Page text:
Tennessee 4-H and UnitedHealthcare Expand Partnership to Help Fight Hunger by Promoting Budgeting and Nutrition Education with “4-H Food Smart Families” Program

  • $55,000 grant to University of Tennessee’s 4-H Youth
    Development Program trains Tennessee 4-H’ers how to make healthy
    living a greater part of their everyday lives beginning with
    budgeting, grocery shopping and meal planning

MEMPHIS, Tenn.–(BUSINESS WIRE)–UnitedHealthcare and the 4-H Youth Development Program at the University
of Tennessee are expanding their partnership to help fight hunger and
food insecurity by promoting budgeting and nutrition education in
underserved communities with the “4-H Food Smart Families” program.

UnitedHealthcare is donating $55,000 to the University of Tennessee 4-H
Extension, which administers 4-H programs throughout the state, to
support the “4-H Food Smart Families” program. The program empowers
families with nutrition education, and cooking and food-budgeting skills
to bring more affordable, nutritious foods into their households, and
connects families with nutrition assistance through SNAP benefits.

The expanded partnership was announced at the University of Tennessee’s
Agricenter Farmer’s Market where 4-H’ers, community leaders and
UnitedHealthcare mascot Dr. Health E. Hound participated in training
sessions to learn more about food – how to secure it, use it and cook
it, and make choices that enhance their health and well-being. During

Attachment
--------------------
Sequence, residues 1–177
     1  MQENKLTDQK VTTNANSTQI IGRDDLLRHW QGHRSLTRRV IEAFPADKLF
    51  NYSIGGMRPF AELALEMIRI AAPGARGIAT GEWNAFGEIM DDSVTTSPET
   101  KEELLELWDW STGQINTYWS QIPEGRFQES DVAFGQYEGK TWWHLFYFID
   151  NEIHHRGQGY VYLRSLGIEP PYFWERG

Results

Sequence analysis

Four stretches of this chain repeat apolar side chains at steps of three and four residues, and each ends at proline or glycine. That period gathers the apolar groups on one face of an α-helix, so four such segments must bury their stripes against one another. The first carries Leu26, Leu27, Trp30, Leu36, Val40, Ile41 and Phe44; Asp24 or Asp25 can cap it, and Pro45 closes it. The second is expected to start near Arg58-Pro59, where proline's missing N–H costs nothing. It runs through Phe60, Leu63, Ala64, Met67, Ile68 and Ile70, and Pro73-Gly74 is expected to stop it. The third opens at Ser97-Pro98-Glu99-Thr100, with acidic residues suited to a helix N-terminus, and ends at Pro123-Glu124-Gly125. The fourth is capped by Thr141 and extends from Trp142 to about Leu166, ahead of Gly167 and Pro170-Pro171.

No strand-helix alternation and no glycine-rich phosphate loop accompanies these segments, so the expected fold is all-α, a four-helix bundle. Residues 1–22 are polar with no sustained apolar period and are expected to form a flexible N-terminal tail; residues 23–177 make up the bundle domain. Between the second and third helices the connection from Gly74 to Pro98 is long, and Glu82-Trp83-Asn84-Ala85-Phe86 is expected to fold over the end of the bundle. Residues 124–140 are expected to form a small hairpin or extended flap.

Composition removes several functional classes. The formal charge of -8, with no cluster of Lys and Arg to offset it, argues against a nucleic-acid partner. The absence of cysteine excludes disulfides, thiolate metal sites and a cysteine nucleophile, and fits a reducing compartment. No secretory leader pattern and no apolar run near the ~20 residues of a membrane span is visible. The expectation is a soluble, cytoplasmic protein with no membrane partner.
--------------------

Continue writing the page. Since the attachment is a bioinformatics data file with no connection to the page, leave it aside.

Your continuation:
the training, 4-H youth leaders were challenged in the 4-H Food Smart
Shopping Experience, where they were asked to shop and make choices
based on budget, nutrition, price per unit and meal preparation.

“We are excited to see the 4-H and UnitedHealthcare partnership grow,
and work to strengthen and empower our future leaders,” said Tennessee
4-H Youth Development Director Steve Sutton. “Through the 4-H Food Smart
Program we are leveraging the proven influence of young people and
helping them establish sustainable habits for their families and their

Throughout Tennessee, the 4-H Food Smart Program will engage 4-H teen
leaders to serve as youth ambassadors and mentors to teach their peers,
families and communities about how to prepare healthy meals on a budget.

4-H Food Smart Families is expected to engage nearly 6,000 Tennesseans,
including nearly 1,700 kids and 4,300 of their family members that are
eligible for or receiving SNAP (food stamps) benefits. Goals include
educating youth on the importance of eating more vegetables and fruit;
drinking more water; choosing healthier snacks; eating breakfast;
teaching their families how to buy and prepare healthier, affordable
foods on a budget; and practicing food-safety principles for food
preparation and preservation.

“Hunger is a serious and complex problem that affects young people’s
mental and physical health and self-esteem. UnitedHealthcare is grateful
for the opportunity to support the 4-H Food Smart Families program and
its goals to provide a sustainable solution to childhood hunger,” said
Rita Johnson-Mills, CEO, UnitedHealthcare Community Plan of Tennessee.